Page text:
Catch up on stories from the past week (and beyond) at the Slashdot story archive


Forgot your password?
DRM Games

Ubisoft Has Windows-Style Hardware-Based DRM For Games 473

New submitter Man Eating Duck writes "Guru3D describes how the activation system in Ubisoft's RTS game Anno 2070 also tracks hardware changes: 'So yesterday I started working on a performance review. We know (well, at least we figured we knew), that the game key can be used on three systems. That's fair; the first activation is used on my personal game rig. The second we installed on the AMD Radeon graphics test PC and the 3rd on our NVIDIA graphics test PC. ... For the NVIDIA setup I take out the GTX 580, and insert a GTX 590. When I now startup the game, 'BAM', again an activation is required. Once again I fill out the key, and now Ubisoft is thanking me with the message that I ran out of activations.' Guru3D subsequently discovered that Ubisoft was less than helpful: 'Sorry to disappoint you — the game is indeed restricted to 3 hardware changes and there simply is no way to bypass that.' I, and many with me, will never buy games with such a draconian DRM scheme, as it's very likely that I'll swap out enough components to run into this issue. Even the Steam version includes this nice 'feature.' It's probably a good idea to let Ubisoft know why we'll pass on this title."
This discussion has been archived. No new comments can be posted.

Ubisoft Has Windows-Style Hardware-Based DRM For Games

Comments Filter:
  • by PCM2 ( 4486 ) on Tuesday January 17, 2012 @03:17PM (#38728110) Homepage

    People bitch about Windows activation, but on the few occasions I've experienced where Windows needed to be re-activated because of a hardware change, the process was completely painless. As in, "I'm helping out my mom on Christmas Eve and dinner is going to be served in a half hour" painless.

    The first couple of times I called, I spoke to an Indian man who asked me a few questions and gave me a code. More recently, it was a fully automated system. I don't think the process has ever taken as much as five minutes from beginning to end. It seems to me the for individual users, Windows Activation is more of a way to scold you than anything else: "You do know you're only allowed to use this copy of Windows on one computer... right?"

    Now, if Ubisoft is really claiming that you get three activations and after that your software is useless, well, that seems like something else entirely.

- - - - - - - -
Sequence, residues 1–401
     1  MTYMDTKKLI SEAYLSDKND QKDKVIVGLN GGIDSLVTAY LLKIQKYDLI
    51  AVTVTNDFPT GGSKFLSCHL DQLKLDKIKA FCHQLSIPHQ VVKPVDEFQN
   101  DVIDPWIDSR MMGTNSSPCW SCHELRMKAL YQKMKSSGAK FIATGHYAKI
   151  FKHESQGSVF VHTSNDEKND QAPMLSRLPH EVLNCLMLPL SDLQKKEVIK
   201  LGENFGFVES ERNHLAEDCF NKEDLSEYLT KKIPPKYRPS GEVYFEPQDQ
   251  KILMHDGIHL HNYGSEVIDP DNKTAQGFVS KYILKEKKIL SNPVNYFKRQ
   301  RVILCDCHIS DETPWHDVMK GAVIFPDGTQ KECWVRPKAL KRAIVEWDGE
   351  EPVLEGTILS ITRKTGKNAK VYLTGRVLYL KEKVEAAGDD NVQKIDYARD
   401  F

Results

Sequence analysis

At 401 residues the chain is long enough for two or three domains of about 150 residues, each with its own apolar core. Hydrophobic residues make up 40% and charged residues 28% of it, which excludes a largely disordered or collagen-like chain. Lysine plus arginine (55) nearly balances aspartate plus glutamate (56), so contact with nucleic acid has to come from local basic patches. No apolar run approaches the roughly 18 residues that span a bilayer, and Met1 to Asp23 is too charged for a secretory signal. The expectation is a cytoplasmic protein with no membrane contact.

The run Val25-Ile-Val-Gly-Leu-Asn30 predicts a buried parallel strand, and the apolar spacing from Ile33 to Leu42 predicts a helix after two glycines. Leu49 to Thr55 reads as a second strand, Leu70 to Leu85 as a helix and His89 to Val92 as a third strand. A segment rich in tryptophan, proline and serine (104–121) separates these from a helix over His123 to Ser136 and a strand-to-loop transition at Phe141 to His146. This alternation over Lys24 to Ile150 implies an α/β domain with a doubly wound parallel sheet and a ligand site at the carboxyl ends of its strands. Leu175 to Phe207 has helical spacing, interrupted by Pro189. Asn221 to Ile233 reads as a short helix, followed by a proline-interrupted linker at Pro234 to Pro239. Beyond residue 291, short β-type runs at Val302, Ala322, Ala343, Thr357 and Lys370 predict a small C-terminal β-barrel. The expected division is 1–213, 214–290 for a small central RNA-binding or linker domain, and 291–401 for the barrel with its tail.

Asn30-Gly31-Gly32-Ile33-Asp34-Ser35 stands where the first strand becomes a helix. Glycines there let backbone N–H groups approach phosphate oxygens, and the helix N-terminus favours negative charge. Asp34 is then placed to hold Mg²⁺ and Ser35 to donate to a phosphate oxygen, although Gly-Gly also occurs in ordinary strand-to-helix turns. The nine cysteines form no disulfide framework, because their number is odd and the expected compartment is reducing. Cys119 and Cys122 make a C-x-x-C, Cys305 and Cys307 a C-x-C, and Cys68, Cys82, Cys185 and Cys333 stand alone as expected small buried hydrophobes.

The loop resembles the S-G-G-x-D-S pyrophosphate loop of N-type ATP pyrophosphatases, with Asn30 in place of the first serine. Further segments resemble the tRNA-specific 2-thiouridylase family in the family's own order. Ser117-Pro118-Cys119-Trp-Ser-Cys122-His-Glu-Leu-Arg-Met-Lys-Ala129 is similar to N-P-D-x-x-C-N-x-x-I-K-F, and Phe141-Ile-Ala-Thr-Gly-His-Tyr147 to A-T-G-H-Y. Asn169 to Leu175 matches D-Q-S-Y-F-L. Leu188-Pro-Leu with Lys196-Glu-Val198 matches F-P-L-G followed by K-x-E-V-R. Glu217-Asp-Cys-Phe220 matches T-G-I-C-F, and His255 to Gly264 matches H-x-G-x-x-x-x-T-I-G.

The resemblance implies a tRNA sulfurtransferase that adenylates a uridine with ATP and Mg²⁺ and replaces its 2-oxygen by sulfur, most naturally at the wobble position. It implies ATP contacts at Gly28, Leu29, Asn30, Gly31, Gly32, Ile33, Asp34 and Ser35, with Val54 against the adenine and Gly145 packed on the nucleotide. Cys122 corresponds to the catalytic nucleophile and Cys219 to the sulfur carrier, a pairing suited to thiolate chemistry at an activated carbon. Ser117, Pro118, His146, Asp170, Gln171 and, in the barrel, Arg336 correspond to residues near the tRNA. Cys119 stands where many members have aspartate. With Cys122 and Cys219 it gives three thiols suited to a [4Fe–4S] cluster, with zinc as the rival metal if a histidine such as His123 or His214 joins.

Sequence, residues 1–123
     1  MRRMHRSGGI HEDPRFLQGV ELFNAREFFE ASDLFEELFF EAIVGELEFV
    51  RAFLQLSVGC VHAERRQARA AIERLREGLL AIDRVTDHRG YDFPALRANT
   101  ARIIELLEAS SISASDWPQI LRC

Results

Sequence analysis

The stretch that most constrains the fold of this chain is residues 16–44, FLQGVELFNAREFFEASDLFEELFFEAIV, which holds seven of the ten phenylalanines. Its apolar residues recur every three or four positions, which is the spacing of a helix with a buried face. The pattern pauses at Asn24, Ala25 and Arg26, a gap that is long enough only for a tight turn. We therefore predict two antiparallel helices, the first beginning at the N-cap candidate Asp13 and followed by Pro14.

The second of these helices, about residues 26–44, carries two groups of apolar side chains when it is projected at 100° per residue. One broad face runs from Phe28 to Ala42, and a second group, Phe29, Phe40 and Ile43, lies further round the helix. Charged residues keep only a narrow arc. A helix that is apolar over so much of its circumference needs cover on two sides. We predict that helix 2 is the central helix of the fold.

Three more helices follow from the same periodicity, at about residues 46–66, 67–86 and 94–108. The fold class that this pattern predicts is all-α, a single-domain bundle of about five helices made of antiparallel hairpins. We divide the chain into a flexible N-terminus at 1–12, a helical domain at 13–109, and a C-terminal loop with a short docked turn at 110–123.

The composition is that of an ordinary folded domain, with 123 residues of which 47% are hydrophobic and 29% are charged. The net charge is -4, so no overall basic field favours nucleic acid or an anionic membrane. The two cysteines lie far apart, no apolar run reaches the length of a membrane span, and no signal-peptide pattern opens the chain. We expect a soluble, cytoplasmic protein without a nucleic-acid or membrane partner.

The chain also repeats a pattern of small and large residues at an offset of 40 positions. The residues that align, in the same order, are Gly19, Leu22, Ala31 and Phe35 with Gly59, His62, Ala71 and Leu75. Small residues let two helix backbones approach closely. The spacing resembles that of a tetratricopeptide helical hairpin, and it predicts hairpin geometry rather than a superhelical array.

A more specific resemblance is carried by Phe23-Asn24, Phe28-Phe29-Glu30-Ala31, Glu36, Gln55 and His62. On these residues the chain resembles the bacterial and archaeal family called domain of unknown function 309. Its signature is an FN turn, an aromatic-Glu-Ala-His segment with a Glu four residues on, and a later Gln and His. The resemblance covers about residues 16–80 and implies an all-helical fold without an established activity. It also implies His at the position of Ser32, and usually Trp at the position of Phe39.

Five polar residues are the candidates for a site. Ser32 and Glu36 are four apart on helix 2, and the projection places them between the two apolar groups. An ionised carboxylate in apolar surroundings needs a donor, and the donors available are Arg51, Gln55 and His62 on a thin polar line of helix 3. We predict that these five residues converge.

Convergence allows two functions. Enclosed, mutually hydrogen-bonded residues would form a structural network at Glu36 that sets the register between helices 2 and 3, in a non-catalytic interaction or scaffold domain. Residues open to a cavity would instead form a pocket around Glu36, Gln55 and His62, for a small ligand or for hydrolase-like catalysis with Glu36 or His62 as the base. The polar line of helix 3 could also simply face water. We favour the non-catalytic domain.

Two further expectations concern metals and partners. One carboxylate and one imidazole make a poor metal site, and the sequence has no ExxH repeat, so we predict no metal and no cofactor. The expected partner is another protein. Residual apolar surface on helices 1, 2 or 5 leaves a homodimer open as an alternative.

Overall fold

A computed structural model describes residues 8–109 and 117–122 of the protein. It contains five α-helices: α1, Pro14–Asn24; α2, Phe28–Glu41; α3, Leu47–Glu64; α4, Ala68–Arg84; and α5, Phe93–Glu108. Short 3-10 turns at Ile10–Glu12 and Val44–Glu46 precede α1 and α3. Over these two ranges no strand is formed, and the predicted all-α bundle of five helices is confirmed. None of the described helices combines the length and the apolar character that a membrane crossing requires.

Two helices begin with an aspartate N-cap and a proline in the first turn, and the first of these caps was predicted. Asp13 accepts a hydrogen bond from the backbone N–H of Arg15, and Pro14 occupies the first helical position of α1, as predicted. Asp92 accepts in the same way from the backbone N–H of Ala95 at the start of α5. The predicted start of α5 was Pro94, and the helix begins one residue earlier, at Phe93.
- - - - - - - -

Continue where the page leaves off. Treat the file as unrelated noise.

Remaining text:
• by firex726 ( 1188453 ) on Tuesday January 17, 2012 @03:20PM (#38728180)

    To answer your question, no you cannot buy the same game twice; even if bought retail you cannot register two keys to the same account.

    You would have to make a second account for the second key/copy.

  • by Kenja ( 541830 ) on Tuesday January 17, 2012 @03:21PM (#38728198)
    You can live without the game. If a company acts like this, stop buying their products. I will no longer buy Eidos games after they stuck Star Wars blu-ray advertisements in Dues Ex. Likewise I will not buy Ubisoft games because of the DRM. I am staunchly against piracy since I write software for a living and am not a hypocrite, if companies see no sales and no torrents of a title they may start to wonder why that is.
  • by CFBMoo1 ( 157453 ) on Tuesday January 17, 2012 @03:33PM (#38728348) Homepage
    I bought one game that had a restricted number of installs and that game was Bioshock back in the day. Much as I had fun going through it I've not bought anymore games that have restricted installs. I've also avoided companies that have a reputation for nasty DRM in their games. Ubisoft is at the top of my "Don't Buy" list.
  • by wagnerrp ( 1305589 ) on Tuesday January 17, 2012 @03:33PM (#38728354)

    Rant and rave about Windows DRM all you want, but the way Windows activation was designed, it actually appears intended to stop piracy. You activate once, and store that hardware key on their validation servers. It doesn't repeatedly poll the server to ensure validation, it only gets used during updates, and it will only block a new update until you re-activate. If you change hardware after a certain amount of time, it will allow you to validate a new install, invalidating and blocking updates on the old install. If you do so before that certain amount of time, all you have to do is call a number, claim you replaced hardware, and replace the existing validation. They're not going to care unless you start doing that multiple times each month.

    This, you get three times, period. There is no expiry period. There is no way to call and flush out an old install. Three times, and then the product is dead. This sounds more like a mechanism to prevent resale of games, rather than a way to prevent piracy. How dare someone else get to play the game without paying them additional money! Just wait until they start requiring a webcam, so they can perform facial recognition and ensure you are the only one playing the game.